Population biology and larval ecology of the sea urchin Centrostephanus rodgersii (Agassiz 1863) in New Zealand under the influence of Global Climate Change
The ocean has absorbed about one third of the total anthropogenic emissions of CO2 since 1800 and, consequently, global mean surface ocean pH has decreased of approximately 0.1 pH unit. This variation of atmospheric CO2 is also correlated with decadal increases in average global temperature by 0.13°C since 1956. Atmospheric CO2 levels are rising annually of 0.5%, and, if emissions are not reduced, a further decrease of 0.14-0.41 and 0.30-0.7 pH units by 2100 and 2300 respectively is expected, in a process called "ocean acidification". A concurrent average sea surface temperature increase of 2-4°C is predict by 2100, as another aspect of global climate change defined as "global warming". Temperature and pH are known to affect physiology and early development of marine invertebrates and, in the case of temperature, also geographical distribution. This thesis examines larval and population biology of the echinoid Centrostephanus rodgersii at the Mokohinau Islands, New Zealand, under global climate change. Its growth, population size and age structure and gametogenetic cycle in this region were studied and compared to populations in mainland Australia and Tasmania. The effects of temperature and pH on early life stages of C. rodgersii were compared with those of Evechinus chloroticus and P. huttoni, two echinoids endemic to New Zealand, to provide the first overview of the responses of sea urchins to global climate change in New Zealand. The effect of these variables on the embryos and larvae and the implications of this on the distribution of these species in New Zealand in warmer and more acidic future scenarios are then discussed. C. rodgersii at the Mokohinau Islands is also compared with a population in Coffs Harbour, New South Wales, to assess the potential of this species for early adaptation to a new environment. C. rodgersii was found to grow at a slightly faster pace than the populations in Tasmania and population size and age structure suggest that recruitments occurs regularly. The timing of the gametogenetic cycle is similar to a population from Sydney and spawning takes place between late July and September. Thermal tolerance of fertilisation was very broad in all the species considered, and the process was practically unaffected by temperature. The optimal thermal range was similar through the subsequent developmental stages and was ≈16–23°C for C. rodgersii at the Mokohinau Islands, ≈17–24°C for C. rodgersii at Coffs Harbour, ≈12–18°C for E. chloroticus and ≈12–17°C. These thermal tolerances for development of C. rodgersii agree closely with its present day distribution in New Zealand, suggesting the distribution range is largely controlled by temperature dependant recruitment in this species. Fertilisation was slightly (<10%) reduced in all species by pH conditions predicted by 2100 and no buffering effect of temperature was found. A 3°C temperature increase was either neutral or beneficial for subsequent developmental stages in E. chloroticus and C. rodgersii (Mokohinau Islands), it did not affect C. rodgersii (Coffs Harbour) and was neutral or negative for P. huttoni. Lowered pH had a general negative effect, which was always minor, compared to the effect of increased temperature. Larval morphology was affected by lowered pH differently in the three species considered. Pluteus larvae showed either shorter arms (both populations of C. rodgersii and E. chloroticus) or smaller larvae with shorter arms and an altered global morphology (P. huttoni). This study found that the effects of increased temperature and decreased pH are species-specific. It strengthens the idea that temperature is the main stressor of the early life stages and that it often contradicts the effects of pH. Global organismal responses are, therefore, hard to predict. This study also suggests that embryos and larvae of C. rodgersii in New Zealand are, at present, in suboptimal conditions and that a temperature increase could favour the extension of its geographical range to other areas, despite the negative effects of lowered pH. Further research is needed to detail distribution of C. rodgersii in New Zealand and to clarify potential interactions with E. chloroticus. Physiological measurements on embryos and larvae reared in near future scenarios are also recommended to highlight sublethal effects.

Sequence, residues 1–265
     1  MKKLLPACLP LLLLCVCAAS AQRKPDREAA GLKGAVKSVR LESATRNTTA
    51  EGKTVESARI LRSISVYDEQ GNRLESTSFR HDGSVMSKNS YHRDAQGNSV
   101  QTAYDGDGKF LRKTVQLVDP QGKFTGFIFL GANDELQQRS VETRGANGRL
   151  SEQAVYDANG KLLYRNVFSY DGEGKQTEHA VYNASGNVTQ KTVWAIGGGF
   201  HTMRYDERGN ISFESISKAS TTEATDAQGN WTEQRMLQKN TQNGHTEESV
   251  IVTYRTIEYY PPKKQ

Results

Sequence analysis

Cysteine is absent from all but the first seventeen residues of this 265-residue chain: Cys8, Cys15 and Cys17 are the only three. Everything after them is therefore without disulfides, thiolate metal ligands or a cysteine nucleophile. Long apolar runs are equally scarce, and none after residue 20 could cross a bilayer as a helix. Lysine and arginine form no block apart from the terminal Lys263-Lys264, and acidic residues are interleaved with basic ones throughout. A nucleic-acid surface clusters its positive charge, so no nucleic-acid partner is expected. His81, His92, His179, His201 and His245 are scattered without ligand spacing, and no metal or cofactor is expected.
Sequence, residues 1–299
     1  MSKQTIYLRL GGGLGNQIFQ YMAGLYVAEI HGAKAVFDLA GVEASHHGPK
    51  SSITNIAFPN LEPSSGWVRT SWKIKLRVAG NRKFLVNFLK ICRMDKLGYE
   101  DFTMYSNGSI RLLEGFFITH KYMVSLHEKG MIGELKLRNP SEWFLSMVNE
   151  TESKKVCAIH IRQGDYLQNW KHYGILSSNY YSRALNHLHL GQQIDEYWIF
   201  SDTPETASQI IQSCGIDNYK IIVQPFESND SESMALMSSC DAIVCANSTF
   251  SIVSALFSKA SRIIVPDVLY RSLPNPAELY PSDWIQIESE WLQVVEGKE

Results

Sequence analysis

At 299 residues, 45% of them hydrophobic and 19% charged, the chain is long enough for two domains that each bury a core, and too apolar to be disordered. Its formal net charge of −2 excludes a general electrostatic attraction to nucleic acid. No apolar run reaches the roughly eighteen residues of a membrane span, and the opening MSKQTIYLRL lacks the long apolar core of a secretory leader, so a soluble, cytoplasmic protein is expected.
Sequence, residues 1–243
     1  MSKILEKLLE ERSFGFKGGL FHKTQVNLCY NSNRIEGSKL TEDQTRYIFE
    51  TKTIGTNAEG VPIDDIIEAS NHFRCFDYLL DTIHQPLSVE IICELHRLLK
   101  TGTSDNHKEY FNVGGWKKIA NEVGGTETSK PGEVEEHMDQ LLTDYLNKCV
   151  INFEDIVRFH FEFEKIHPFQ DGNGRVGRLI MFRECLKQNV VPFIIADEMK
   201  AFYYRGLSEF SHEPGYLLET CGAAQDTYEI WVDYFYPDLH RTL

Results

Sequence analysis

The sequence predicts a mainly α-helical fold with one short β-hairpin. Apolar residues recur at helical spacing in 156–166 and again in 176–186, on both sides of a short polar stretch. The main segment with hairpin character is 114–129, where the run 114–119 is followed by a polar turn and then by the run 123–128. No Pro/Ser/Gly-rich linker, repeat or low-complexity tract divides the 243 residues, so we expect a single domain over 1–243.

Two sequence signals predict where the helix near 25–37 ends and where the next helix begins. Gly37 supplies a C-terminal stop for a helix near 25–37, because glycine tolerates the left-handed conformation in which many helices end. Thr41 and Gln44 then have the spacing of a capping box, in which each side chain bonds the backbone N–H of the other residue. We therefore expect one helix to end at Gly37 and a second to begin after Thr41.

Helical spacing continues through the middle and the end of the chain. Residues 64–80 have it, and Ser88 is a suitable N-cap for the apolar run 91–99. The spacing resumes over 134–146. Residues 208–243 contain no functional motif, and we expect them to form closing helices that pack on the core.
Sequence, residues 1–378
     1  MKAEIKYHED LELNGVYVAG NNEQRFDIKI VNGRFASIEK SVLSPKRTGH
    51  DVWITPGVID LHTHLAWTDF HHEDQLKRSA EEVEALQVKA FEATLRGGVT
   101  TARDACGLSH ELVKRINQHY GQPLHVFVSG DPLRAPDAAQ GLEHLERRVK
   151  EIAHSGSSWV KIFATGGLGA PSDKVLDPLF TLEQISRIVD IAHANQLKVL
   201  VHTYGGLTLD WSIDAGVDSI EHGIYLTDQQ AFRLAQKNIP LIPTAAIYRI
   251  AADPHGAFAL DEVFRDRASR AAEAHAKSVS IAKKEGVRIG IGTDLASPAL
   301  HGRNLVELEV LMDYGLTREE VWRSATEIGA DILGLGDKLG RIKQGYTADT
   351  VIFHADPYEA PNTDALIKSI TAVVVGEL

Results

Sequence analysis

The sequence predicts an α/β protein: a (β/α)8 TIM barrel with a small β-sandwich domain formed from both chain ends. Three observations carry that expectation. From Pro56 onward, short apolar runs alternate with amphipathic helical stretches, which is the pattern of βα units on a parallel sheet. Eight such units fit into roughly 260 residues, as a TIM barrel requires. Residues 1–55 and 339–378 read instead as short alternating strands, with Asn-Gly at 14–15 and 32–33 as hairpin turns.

Advisor: Lamare, Miles David; Barker, Mike Francis
Degree Name: Doctor of Philosophy
Degree Discipline: Marine Science
Publisher: University of Otago
Keywords: echinoderms; New Zealand; climate change; acidification; ecology
Research Type: Thesis